This means that even despite 'damproofing' of the foundation and basement temperatures being warmer, water vapor migration will be from areas of great concentration to areas of lesser concentration.

So the first major point of vapor transmission worry is at the foundation itself.

Without saying, the very best method(s) to prevent liquid and gaseous water transmission into a basement are from the outside.

Given that in most cases this cannot be done, the next best method is to deal with vapor and liquid water immediately at the foundation wall as soon as it enters the basement.

One acceptable method is to allow the water vapor to enter the foundation unabated and then deal with it from there.

This can be accomplished by the wholly acceptable technique of applying a 6mil polyethylene sheet over the foundation walls SO LONG AS this polyethylene sheet continues below the slab and footer or into a peripheral drain system so that any condensed water will not collect or pool in the basement.

Terminating the poly sheet above the slab does no good, since any vapor from without will only condense on the poly sheet and trickle down in pools on top of the slab.

This is also the drawback of using rigid foam panels directly over the foundation.

While rigid foam panels can decrease the potential for interior warm, moist air migrating outward from reaching colder masonry surfaces and then condensing (and let us not forget that the major proponents of these products are the rigid foam manufacturers themselves)...the use of rigid foam masonry panels alone does not prohibit gaseous water from without migrating inward and does not prevent this vapor from condensing between the foundation on the rigid foam and thus also trickling downward and pooling.

SO THE FIRST AND BEST ORDER OF BUSINESS IS TO ELIMINATE GASEOUS WATER/WATER VAPOR FROM ENTERING THE BASEMENT FROM THE OUTSIDE IN IN THE FIRST PLACE.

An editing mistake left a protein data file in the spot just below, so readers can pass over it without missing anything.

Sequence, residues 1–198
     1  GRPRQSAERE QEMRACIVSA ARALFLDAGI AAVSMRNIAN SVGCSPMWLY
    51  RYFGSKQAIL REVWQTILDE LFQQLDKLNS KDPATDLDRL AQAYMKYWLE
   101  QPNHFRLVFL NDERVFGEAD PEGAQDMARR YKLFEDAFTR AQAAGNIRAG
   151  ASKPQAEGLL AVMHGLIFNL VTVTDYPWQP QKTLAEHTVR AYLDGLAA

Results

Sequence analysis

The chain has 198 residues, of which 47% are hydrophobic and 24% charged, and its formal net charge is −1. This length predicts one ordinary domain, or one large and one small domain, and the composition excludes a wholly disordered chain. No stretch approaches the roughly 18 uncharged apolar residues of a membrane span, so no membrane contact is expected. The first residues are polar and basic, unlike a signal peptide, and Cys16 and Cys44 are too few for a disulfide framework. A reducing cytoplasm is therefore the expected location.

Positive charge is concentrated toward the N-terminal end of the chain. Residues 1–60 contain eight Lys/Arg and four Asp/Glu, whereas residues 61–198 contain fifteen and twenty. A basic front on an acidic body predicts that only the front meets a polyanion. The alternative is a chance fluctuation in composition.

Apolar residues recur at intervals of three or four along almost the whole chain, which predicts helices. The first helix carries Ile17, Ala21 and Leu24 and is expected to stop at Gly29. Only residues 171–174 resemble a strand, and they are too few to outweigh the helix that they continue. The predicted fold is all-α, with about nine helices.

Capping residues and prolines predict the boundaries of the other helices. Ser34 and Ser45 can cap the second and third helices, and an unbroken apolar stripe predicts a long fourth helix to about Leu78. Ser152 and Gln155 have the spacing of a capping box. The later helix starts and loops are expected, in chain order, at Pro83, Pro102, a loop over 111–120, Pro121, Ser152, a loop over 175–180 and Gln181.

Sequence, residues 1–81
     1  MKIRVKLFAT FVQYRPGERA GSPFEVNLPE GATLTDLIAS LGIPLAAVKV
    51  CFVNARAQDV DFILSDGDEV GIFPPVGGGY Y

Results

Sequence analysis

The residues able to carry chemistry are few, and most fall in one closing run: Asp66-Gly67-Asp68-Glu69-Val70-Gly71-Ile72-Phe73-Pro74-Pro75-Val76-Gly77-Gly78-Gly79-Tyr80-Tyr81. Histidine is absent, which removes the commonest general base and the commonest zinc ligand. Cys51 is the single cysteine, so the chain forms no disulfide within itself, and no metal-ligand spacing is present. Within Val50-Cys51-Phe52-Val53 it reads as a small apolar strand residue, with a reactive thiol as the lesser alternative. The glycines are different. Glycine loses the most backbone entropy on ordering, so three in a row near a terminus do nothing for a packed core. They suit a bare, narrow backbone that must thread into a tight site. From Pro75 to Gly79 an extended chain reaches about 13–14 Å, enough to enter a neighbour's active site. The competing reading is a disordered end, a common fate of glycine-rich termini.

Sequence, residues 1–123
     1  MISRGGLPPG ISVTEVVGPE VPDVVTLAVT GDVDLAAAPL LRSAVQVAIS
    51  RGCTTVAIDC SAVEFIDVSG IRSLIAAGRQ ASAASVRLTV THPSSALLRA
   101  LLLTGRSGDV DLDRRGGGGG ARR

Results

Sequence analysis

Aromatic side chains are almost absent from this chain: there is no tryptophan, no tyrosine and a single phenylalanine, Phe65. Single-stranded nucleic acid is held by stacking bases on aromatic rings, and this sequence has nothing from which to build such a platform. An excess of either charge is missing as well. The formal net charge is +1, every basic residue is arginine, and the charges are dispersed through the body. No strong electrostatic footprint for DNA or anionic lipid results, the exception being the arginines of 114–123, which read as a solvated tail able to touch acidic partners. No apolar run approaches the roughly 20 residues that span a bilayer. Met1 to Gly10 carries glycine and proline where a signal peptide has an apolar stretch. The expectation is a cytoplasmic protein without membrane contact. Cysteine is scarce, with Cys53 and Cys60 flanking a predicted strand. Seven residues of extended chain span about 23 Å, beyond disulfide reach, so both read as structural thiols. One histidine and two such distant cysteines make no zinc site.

Rigid foam cannot accomplish this, but water and vapor proofing coatings on the inside of the foundation can.

By coating the inside surface of the foundation with a vapor and waterproofing paint, you achieve the very BEST of all possible foundation condensation preventions by never allowing outside vapor from collecting in the basement in the first place. A MUCH BETTER SOLUTION THAN USING FOAM PANELS.

You can STILL use foam panels in conjunction with a vapor proof coating, but foam panels should not be used alone.

VAPOR MOVEMENT IN FRAMED WALLS:

_______________________________

Domino gave a very good explanation of how warmer (usually) moisture interior air from the living space will want to migrate out thru any framed walls and why a plastic sheet should NEVER be hung in a framed wall in a basement to prevent this migration.

The fact is, that warm interior air will want to migrate out toward the foundation walls in some situations and yet in other wish to migrate in from the outside in others.

Placing a plastic sheet in a framed wall never makes sense in a basement precisely for those reasons.

And while placement of rigid foam panels directly over the foundation walls will prevent condensation of water flowing outward by 'warming' the foundation surface, using foam panels without also vapor proofing the surface beneath only meets half the problem.

I have no idea where Lstirbrek gets his ideas since they violate all know acceptable building practice and code requirement for basements.

Unless his research affects certain locations it makes no sense for most of the US.

(And I will gladly be proven wrong)

But getting back to and addressing Domino's original question about placing 'fanfold' on the foundation then framing to it....

Unless you also water and vapor proof the foundation beneath the rigid foam beforehand....

AND unless you also install a kraft paper facing in the basement wall studs in front of the foundtaion walls...

AND unless you keep the framing at least an inch or two away from the foundation wall including the rigid foam...

It should not be done and may violate your State's building code.

_________________